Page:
Here are some other skills to master along your sewing journey. Replacing a missing button is one of the first sewing skills many of us learnt in school, but how many adults can honestly say they have the tools and the know-how to mend a shirt if they needed to today?
Likewise hemming a pair of trousers is an essential skill for those of us who struggle to buy trousers off the shelf, use our step by step guide below to master the technique.
How to sew a hem – three methods
Single Fold Hem
- Finish the raw edge of the fabric using an overlocker or zig zag stitch. This will stop the raw edge unravelling when the garment is worn and make the hem look nice and neat on the inside.
- With the garment inside out, press the hem allowance to the wrong side of the fabric. Pressing first is really important to avoid a ‘roped’ (twisted) hem.
- Once pressed it will be easier to pin the hem in place, and you will be sure that your pinning is even all the way around. Use sharp pins to avoid snagging your fabric.
- Stitch the hem in place close to the finished raw edge. Try to maintain an equal distance from the folded edge all the way around, this line of stitching will be visible on the right side of the garment so the neater and straighter your stitching, the better it will look when worn.
5. Press the hem to finish, use a pressing cloth if you have a particularly delicate
Double Fold Hem
1. Press half of the hem allowance to the wrong side. Pressing first is really important to avoid a ‘roped’ (twisted) hem.
2. Press the folded edge over once again, by half of the total hem allowance.
3. Once pressed it will be easier to pin the hem in place, and you will be sure that your pinning is even all the way around. Use sharp pins to avoid snagging your fabric.
4. Stitch the hem in place close to the open edge maintaining an equal distance from the fold all the way around.
5. Press to finish.
1. With your garment inside out, press a 5mm (1/4in)* hem to the wrong side. Pressing first is really important to avoid a ‘roped’ (twisted) hem.
*The amount you press will depend on your garments hem allowance. Read your instructions through before narrow hemming to find out the hem allowance and make any adjustments if necessary.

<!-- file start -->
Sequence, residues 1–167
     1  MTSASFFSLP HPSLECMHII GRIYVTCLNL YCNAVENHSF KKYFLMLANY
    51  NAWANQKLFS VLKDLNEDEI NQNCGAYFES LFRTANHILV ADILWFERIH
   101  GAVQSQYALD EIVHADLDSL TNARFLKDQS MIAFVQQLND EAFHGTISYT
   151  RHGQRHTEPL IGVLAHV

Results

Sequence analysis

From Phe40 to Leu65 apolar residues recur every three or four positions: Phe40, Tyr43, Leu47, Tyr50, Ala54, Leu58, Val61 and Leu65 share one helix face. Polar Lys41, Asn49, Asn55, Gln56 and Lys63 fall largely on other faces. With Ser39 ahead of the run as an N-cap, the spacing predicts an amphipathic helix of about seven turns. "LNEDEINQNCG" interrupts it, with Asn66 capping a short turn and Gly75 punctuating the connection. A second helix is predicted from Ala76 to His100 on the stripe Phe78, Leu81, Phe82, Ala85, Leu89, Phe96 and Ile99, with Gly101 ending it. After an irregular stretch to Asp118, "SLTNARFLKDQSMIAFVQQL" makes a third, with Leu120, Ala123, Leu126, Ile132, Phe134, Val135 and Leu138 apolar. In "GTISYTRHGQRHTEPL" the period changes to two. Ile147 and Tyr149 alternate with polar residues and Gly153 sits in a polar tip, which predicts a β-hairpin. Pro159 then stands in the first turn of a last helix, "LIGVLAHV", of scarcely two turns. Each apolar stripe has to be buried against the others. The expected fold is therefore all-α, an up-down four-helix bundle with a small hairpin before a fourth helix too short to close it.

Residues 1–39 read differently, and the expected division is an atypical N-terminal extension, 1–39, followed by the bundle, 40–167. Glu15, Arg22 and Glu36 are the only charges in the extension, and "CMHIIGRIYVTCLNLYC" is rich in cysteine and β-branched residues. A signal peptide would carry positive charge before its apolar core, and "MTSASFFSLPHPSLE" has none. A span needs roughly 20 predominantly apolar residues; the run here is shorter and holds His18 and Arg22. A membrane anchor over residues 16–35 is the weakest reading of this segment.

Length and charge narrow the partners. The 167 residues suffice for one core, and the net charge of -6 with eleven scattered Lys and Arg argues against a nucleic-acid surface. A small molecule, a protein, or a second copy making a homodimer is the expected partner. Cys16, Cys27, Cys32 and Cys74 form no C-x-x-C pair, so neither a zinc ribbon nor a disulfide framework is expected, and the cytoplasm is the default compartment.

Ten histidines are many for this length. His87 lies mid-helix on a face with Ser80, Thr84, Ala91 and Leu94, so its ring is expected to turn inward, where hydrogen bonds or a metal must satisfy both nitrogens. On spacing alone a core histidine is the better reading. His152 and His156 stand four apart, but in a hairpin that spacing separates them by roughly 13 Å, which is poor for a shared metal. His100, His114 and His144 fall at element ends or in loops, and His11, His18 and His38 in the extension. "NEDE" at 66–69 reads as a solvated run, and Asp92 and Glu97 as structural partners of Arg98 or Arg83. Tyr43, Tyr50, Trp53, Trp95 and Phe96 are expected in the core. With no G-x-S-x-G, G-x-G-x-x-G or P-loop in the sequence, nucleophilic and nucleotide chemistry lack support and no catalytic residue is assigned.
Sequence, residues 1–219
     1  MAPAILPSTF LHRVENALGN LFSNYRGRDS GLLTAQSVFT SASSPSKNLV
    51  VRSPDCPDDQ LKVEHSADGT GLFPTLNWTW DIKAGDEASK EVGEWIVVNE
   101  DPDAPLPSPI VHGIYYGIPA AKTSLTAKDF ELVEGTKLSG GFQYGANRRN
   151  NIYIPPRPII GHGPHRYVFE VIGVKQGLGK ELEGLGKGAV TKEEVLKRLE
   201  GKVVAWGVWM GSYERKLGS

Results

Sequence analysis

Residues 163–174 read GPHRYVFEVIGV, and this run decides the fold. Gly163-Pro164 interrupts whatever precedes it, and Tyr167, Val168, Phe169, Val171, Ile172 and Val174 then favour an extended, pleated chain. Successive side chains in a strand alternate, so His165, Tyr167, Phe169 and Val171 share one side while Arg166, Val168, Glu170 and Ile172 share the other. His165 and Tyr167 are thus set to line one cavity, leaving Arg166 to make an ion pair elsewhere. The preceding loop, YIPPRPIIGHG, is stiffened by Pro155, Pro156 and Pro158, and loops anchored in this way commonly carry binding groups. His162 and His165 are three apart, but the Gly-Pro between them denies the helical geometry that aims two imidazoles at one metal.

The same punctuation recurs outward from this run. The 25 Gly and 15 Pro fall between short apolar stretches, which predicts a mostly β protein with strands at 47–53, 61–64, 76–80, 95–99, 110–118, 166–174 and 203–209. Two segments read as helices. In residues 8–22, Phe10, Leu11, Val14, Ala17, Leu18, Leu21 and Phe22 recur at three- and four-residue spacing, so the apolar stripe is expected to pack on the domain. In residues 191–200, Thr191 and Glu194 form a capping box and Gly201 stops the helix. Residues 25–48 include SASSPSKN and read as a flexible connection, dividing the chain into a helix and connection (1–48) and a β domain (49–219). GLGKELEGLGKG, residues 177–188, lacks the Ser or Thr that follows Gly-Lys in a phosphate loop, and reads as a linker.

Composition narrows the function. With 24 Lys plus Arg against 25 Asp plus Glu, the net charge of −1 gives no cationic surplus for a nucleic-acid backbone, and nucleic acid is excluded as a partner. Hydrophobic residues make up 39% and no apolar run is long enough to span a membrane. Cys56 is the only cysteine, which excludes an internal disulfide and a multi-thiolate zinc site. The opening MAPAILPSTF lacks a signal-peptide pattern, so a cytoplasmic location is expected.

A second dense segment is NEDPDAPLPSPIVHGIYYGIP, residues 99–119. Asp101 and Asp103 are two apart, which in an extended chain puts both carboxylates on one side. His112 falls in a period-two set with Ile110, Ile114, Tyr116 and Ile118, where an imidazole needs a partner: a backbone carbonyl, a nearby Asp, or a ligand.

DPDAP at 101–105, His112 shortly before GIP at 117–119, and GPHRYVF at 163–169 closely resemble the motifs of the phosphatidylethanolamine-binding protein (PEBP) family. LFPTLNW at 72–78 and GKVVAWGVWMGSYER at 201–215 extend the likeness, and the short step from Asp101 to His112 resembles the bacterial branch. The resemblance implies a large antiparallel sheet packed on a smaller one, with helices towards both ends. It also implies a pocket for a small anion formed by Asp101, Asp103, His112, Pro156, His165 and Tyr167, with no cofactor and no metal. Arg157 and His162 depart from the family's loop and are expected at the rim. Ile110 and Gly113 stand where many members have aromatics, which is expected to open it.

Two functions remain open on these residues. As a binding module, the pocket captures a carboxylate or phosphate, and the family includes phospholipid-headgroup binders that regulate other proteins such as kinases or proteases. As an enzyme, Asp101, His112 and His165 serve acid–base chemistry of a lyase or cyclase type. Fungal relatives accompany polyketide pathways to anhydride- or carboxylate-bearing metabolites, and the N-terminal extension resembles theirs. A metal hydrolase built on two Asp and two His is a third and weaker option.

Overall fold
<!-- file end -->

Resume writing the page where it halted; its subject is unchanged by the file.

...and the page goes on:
2. Stitch the fold in place close to the folded edge.
3. Using small, sharp scissors, trim the excess fabric down to the stitch line being careful not to snip through any of the stitches.
4. Press this hem over to the wrong side once again and press then pin in place.
5. Stitch the hem in place close to the open edge maintaining an equal distance from the fold all the way around. This will result in a narrow hem with only one line of stitching visible on the right side of the hem.
6. Press to finish.
Sewing essentials for beginners
Want to pick up some of the basic tools to get you started? Take a look at our article 10 Beginner Sewing Kits to guide you in the right direction. We’ve listed some basic tool kits and some beginner project kits to get you off to a flying start.
Best sewing machine for beginners
If you’ve ever had a go at hand sewing a hem, mending a hole in a seam or attaching applique patches by hand then you’ll surely appreciate how much a sewing machine can both speed up and neaten the process. Buying your first sewing machine is a big investment, whilst there are affordable options on the market you will be looking at spending around the £100 mark for a beginner machine so it’s important to do your research and read reviews before taking the plunge. We’ve listed three of our favourite machines below and we also have a whole article about the Best Sewing Machines for Beginners in 2020 for you to check out.
1) Singer Start 1306
The Singer Start has been designed for absolute beginners. It has a simple design, and has the basic features you need to begin machine sewing. It comes with 6 built-in stitches plus a four-step buttonhole.
Buy now from Dunelm, Currys
2) Brother LS14S
A great choice for a beginner who wants to tackle a range of sewing projects. The machine has a choice of 14 stitches, a 4-step buttonhole and a top-loading bobbin.
Buy now from eBay, Amazon
3) Singer 4411 Heavy Duty Sewing Machine
The Singer 4411 is a heavy-duty sewing machine which is capable of sewing through multiple layers of fabrics or thicker fabrics such as denim or leather. This is thanks to its strong motor and extra foot height option. It has 11 stitch patterns plus a 4-step buttonhole.
Buy now from eBay, Amazon
We’ve also rounded up our top sewing machine tables, best sewing machines for kids and best overlockers!
How to thread your sewing machine
You’ve finally got your new sewing machine set up and can’t wait to dive into your first project…but then you take a look and realise there are far more knobs, dials and arrows than you expected (and who has time to read the entire manual eh?) Before you dive in an end up with a tangle of threads, follow our simple guide to threading a sewing machine to get your sewing journey off on the right foot!
Most modern machines contain an illustration of the thread path. Starting at the top of the machine and ending at the needle.
As well as our step by step can also watch the Mollie Makes Youtube video to learn the basics.
Wind the bobbin
- Place your bobbin on the bobbin winding spoke and your thread on the spool pin.
2. Pass the thread on the bobbin spool through the bobbin tension guide and towards the bobbin.
3. Wrap the thread around your bobbin a couple of times in a clockwise direction then draw it through the hole in the top of the bobbin. This will stop the thread from slipping as the bobbin is spun.